For Immediate Release: March 10, 2020
Affordable Care Act Strengthened Community Health Centers Nationwide But Progress Must Be Sustained, Analysis Concludes
WASHINGTON, D.C. and NEW YORK, N.Y. (March 10, 2020) – The Affordable Care Act (ACA), which marks its tenth anniversary this year, has facilitated the rapid growth of community health centers, allowing them to reach millions of new patients nationwide. This expansion of accessible, community based health care represents one of the law’s greatest achievements, concludes a new report produced by researchers at the Geiger Gibson/RCHN Community Health Foundation Research Collaborative at the George Washington University Milken Institute School of Public Health (Milken Institute SPH).
By expanding Medicaid, and establishing subsidized Marketplace plans, the ACA insured many of the poorest Americans, especially in those communities most likely to be served by health centers. The ACA also created a Community Health Center Fund to directly support new health center grantees, the addition of health center sites and the expansion of necessary health care services. Together, these policy reforms, and the additional resources for clinical staffing made available through the National Health Services Corps and Teaching Health Centers Graduate Medical Education program, have allowed the number of patients served by health centers to increase by nearly 46 percent over the last decade, from 19.5 million in 2010 to 28.4 million in 2018.
Community health centers located in Medicaid expansion states have experienced the most robust growth, and health centers in non-expansion states remain somewhat smaller and more dependent on grant funds overall. Still, the report’s authors find that health centers in all states have added new locations and expanded capacity. In addition, health centers have added new services, and now treat more patients with complex medical and behavioral health conditions, including HIV and substance use disorders.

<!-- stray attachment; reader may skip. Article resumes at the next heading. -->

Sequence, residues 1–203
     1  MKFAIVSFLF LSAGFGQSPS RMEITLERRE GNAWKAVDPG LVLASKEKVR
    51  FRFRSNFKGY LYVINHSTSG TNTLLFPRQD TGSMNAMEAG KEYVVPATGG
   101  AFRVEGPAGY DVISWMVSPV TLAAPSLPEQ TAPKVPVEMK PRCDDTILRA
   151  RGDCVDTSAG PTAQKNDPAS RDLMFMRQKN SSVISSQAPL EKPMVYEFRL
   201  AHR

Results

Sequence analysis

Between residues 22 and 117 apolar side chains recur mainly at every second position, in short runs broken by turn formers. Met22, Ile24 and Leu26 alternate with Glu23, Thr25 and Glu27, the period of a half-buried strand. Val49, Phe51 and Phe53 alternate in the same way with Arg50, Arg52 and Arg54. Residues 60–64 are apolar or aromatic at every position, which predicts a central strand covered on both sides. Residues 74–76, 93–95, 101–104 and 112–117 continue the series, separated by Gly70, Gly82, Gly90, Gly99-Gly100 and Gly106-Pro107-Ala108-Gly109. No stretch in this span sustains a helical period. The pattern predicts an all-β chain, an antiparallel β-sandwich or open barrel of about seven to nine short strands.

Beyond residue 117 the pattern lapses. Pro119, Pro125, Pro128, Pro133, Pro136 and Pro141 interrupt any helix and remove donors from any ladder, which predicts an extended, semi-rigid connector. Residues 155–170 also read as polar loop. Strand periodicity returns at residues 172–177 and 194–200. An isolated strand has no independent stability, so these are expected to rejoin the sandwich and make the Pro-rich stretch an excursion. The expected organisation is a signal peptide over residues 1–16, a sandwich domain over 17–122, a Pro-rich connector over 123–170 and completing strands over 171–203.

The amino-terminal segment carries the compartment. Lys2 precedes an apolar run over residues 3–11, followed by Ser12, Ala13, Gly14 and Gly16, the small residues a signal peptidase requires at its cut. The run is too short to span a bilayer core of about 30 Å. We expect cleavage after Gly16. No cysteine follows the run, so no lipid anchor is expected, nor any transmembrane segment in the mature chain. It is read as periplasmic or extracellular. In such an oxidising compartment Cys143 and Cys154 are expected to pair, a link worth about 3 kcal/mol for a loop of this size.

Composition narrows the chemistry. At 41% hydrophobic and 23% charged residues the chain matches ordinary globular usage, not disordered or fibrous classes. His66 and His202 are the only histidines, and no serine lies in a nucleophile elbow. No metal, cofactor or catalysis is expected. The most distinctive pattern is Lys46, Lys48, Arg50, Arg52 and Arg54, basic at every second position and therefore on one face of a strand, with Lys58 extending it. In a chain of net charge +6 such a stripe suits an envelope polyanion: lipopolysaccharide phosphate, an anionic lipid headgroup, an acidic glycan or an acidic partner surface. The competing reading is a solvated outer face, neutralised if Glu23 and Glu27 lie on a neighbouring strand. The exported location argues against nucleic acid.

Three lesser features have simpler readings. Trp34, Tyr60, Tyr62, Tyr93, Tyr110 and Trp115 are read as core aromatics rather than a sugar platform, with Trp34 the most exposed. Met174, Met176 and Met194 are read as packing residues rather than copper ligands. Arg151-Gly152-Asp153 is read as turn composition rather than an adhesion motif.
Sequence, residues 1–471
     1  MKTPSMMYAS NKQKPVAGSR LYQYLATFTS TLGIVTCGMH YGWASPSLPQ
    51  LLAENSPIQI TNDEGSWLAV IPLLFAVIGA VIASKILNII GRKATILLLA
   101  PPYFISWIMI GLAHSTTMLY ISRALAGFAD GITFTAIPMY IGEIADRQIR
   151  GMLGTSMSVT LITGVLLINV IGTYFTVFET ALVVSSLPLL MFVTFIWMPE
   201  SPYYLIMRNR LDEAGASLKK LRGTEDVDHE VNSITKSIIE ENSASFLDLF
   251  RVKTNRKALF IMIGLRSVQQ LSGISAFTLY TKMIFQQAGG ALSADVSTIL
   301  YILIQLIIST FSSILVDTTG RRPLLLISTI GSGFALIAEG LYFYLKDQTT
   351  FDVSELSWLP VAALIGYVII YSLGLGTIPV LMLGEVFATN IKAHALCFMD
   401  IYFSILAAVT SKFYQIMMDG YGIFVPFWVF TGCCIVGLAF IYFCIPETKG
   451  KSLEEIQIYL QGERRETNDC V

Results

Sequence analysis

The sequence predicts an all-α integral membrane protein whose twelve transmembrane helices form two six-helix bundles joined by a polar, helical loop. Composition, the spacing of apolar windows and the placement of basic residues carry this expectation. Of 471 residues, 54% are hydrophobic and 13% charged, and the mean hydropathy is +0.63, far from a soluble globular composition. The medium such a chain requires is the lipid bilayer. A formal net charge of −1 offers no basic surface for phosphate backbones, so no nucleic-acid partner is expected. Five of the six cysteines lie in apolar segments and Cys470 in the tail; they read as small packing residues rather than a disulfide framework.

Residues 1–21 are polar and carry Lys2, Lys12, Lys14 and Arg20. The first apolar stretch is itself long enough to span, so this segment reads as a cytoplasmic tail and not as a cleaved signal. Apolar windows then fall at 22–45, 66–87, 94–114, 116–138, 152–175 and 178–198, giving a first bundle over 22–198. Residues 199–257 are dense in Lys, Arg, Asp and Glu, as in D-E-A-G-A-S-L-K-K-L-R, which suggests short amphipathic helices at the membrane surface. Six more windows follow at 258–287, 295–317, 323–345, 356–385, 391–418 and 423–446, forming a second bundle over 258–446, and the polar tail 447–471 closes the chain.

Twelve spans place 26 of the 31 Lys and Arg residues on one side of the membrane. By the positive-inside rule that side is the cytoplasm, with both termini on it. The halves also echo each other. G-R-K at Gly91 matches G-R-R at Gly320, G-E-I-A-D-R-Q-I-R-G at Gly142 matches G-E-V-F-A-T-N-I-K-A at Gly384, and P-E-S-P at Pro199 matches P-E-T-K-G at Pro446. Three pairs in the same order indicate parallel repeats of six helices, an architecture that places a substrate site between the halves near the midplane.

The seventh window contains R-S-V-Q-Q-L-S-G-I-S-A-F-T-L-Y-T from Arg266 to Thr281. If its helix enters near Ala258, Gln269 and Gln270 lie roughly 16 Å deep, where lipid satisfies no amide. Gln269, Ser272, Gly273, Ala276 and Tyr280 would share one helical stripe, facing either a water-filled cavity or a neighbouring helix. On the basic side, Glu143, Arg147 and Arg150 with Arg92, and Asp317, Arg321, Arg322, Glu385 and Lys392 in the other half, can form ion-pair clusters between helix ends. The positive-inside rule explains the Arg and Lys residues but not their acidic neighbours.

“The Affordable Care Act ensured that the most vulnerable patients and communities would realize its benefits,” said Sara Rosenbaum, JD, the Harold and Jane Hirsh Professor of Health Law and Policy at Milken Institute SPH, one of the authors of the report. “At a time when the future of the ACA itself is on the line in the courts and the nation is confronting a major public health crisis, community health centers have never been more important.”
With gains in staffing and capacity, health centers now serve one in 12 Americans, nearly one in five Medicaid and CHIP enrollees and one in five uninsured people. To sustain these achievements and meet future challenges, the report’s authors write, it is essential to address key coverage, funding and workforce factors: stabilizing Medicaid and marketplace availability; extending the ACA Medicaid expansion in all states; extending and stabilizing the Community Health Center Fund; and providing support for workforce recruitment and training that will be necessary to meet the needs of health center patients.
“Since their earliest days as a small demonstration program launched in 1965, community health centers have grown and flourished, expanding dramatically over the last 10 years to provide access to care for nearly 30 million people in high-need communities nationwide,” said Feygele Jacobs, DrPH, president and CEO of the RCHN Community Health Foundation. “To build on this success, and sustain these gains in access, care and quality, it’s essential that health centers have stable, permanent funding and support.”
The analysis, “Community Health Centers Ten Years After the Affordable Care Act: A Decade of Progress and the Challenges Ahead” was conducted by the Geiger Gibson/RCHN Community Health Foundation Research Collaborative.
The Geiger Gibson Program in Community Health Policy, established in 2003 and named after human rights and health center pioneers Drs. H. Jack Geiger and Count Gibson, is part of the Milken Institute School of Public Health at The George Washington University.
The RCHN Community Health Foundation is the only foundation in the U.S. dedicated solely to community health centers. The Foundation’s gift to the Geiger Gibson program supports health center research and scholarship.
The Milken Institute School of Public Health at the George Washington University is the only school of public health in the nation’s capital.